By using this website, you agree to our use of cookies to enhance your experience.


Homeowners set for ‘mortgage shock’ as rates rise and products disappear 

Almost 400,000 borrowers on low-rate mortgage deals are in for a shock when their products expire this year, Equifax has warned.

Analysis by the credit reference agency found that  7.7m of the 10.7m currently open mortgages are on a fixed-rates.

More than 367,000 of these fixed-rate mortgages are due to come to the end of their five-year deals over the next year, the majority of which have an average outstanding balance of £170,000. 


This will mean an average increase in monthly repayments of around £300 if customers revert to a variable rate without fixing to a new deal.

Many of these customers will have fixed at low rates, in some cases close to 1%, while pricing has surged in recent months and lenders such as Nationwide, HSBC and Santander have withdrawn products amid concerns about the cost of borrowing rising further.

With fixed-rate mortgage offers currently hovering around 5%, consumers will be faced with substantial increases in monthly expenditures amid already constrained pay growth and persistently high inflation, Experian warned.

For those entering the housing market, average monthly repayments have increased by 40% over the past 18 months.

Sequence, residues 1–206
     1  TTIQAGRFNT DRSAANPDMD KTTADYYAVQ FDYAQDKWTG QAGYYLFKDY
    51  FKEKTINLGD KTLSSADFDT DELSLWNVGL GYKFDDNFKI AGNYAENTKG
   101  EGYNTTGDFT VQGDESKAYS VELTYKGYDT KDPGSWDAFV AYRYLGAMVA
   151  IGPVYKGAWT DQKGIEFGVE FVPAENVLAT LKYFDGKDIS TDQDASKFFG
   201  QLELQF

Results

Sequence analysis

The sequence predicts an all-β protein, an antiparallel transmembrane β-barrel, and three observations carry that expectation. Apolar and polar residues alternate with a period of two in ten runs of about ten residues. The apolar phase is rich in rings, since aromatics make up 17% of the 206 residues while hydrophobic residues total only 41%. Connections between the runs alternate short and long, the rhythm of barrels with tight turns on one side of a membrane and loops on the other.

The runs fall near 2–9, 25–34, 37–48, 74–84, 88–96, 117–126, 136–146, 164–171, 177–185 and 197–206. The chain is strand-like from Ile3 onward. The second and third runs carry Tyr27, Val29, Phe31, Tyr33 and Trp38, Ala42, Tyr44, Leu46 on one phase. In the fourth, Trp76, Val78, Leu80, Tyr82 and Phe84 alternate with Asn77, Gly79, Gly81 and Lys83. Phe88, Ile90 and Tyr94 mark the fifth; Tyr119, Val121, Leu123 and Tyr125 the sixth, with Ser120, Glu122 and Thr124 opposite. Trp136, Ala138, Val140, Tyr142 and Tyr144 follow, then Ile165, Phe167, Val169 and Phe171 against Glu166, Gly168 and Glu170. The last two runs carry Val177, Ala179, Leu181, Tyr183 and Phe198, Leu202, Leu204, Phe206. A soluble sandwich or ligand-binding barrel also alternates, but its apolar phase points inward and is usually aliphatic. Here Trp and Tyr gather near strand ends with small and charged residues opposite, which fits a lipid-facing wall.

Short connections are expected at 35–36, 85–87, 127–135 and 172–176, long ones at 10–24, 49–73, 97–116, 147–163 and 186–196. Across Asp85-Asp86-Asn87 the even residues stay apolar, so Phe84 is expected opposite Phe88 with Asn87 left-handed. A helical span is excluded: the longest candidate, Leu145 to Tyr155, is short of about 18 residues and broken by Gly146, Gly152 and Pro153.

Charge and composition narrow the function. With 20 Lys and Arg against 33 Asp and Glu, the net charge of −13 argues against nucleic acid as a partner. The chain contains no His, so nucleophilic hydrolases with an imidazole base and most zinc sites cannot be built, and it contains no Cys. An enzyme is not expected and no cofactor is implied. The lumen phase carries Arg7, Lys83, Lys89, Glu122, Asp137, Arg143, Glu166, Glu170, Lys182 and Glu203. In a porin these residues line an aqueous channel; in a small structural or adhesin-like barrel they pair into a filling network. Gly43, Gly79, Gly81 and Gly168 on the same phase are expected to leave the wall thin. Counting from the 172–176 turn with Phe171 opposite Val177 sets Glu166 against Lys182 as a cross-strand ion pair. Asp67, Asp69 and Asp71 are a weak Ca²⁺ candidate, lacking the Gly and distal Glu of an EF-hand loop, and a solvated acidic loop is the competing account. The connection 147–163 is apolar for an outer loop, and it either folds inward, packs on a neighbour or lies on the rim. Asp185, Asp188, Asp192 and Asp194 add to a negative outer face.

The average mortgage applicant at the end of 2021 would pay around £1,000 a month, whereas now they could pay up to £1,400, Experian said.

Mortgage payments will likely take up more than 50% of people’s monthly income, whilst households try to manage skyrocketing bills and turbulent interest rates, Experian suggests.

These factors could also make buyers more cagey when it comes to looking for and making an offer on a property.

Paul Heywood, chief data and analytics officer at Equifax UK, said:  “There is a risk that some consumers could become mortgage prisoners with the current state of rates.

“ Among these consumers, we expect to see a gradual increase in missed payments. Diminishing affordability levels may also restrict or even stall growth in house prices, perhaps leading to a correction in the housing market.  

“The starting point for lenders and credit providers is to understand which of their customers are most likely to be impacted by rising mortgage rates, what the extent of that rise is likely to be, and the likely timing of that impact.”


Please login to comment

MovePal MovePal MovePal
sign up